That’s how I’d look if I watched 206 picks of the draft (Kelly was this years Mr. Irrelevant – the last player selected)
Bad is Good
One of my favorite stories of 2017 so far. Karen Rinaldi is a “kook” surfer. That’s slang for someone who’s not good at surfing. It took her five years to catch her own wave, and she’s far from good now, but she loves it. It’s not just the sport that she loves, but what it gives her: The freedom from a world polluted with perfection.
When I do catch a wave and feel the glide, I’ll hold onto that feeling for hours, days or even weeks. I’m hooked on the pursuit of those moments, however elusive they may be. But it’s not the momentary high that has sustained me. In the process of trying to attain a few moments of bliss, I experience something else: patience and humility, definitely, but also freedom. Freedom to pursue the futile. And the freedom to suck without caring is revelatory.
No one ever tells you how much you suck at something. Unless you have a mean boss, an abusive parent or a malicious friend, most people are happy to help us maintain the delusion that our efforts are not in vain. No, we cannot count on people around us to let us know how much we suck. It is far more acceptable to compliment than to criticize. So the onus is on us as individuals to admit to ourselves how much we suck at something. And then do it anyway.
To the physical meditation in humility and sympathy in a culture of “cocksuredness” – that strikes a chord with me. Doesn’t it feel like everyone’s super into everything they do, and they are super serious (re: proficient) about it, too? It’s not enough to go skiing, you have to go on some epic Art of Flight type excursion. It’s not enough to mess around on the guitar, you have to be in a band playing Hardly Strictly. It could be that I’m projecting here.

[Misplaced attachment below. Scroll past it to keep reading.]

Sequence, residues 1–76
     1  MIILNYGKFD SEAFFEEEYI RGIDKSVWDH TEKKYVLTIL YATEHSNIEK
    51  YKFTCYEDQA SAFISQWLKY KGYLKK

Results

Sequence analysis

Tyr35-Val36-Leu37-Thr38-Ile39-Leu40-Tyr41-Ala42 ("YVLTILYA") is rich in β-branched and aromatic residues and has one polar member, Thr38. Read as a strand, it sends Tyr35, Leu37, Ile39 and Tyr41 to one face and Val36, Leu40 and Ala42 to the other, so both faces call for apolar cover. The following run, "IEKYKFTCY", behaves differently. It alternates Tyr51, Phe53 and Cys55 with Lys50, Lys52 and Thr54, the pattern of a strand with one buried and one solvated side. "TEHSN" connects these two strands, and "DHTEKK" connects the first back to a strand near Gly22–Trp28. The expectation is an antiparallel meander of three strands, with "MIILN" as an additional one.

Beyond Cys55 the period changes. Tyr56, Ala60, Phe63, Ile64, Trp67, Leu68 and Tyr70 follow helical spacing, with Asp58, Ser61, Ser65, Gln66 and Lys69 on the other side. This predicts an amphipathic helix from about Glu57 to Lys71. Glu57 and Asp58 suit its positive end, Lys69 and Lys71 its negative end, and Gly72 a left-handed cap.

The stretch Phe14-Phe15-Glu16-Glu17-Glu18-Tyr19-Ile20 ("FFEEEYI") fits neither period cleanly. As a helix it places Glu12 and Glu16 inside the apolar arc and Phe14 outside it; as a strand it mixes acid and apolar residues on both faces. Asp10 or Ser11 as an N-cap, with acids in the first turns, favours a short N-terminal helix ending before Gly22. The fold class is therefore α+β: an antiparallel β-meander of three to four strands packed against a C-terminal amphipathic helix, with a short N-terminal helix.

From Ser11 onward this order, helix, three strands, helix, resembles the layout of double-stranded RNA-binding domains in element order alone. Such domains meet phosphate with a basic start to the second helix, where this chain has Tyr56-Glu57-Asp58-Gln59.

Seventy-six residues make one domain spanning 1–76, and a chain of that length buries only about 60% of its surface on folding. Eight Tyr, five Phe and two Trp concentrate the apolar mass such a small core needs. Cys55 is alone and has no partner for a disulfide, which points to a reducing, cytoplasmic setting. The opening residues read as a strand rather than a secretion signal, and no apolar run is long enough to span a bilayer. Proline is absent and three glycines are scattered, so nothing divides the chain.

I read this article, and I wonder how much our pursuits are influenced by Facebook or Instagram. Do we do things for the feeling, or do we do things for the reaction? Rinaldi provides a great reminder to do it for the feeling, no matter how bad we look in pursuit of it. – PAL
Source: “(It’s Great to) Suck at Something”, Karen Rinaldi, The New York Times (4/28/17)
TOB: Surfing seems to me an activity that would be ok to do even if you sucked. You’re in the ocean, floating around, catching some rays, etc. What’s not to love? Though, doing it for FIVE years without EVER catching a wave takes some persistence that I doubt many possess. But, I get it. Though I am not a good singer, I love to belt out any song I know. Hell, as I type this, my 2-year old and I are singin’ the hell out of the Frozen soundtrack, his latest favorite. But otherwise, I don’t particularly enjoy spending time doing things I suck at. For example, I wouldn’t often choose to play soccer, because I’m not very good, and I’d rather spend my time doing something I enjoy more. I get her point – it’s freeing to not be good, and still take enjoyment. But the trick is finding an activity that you suck at and still enjoy. Easier said than done.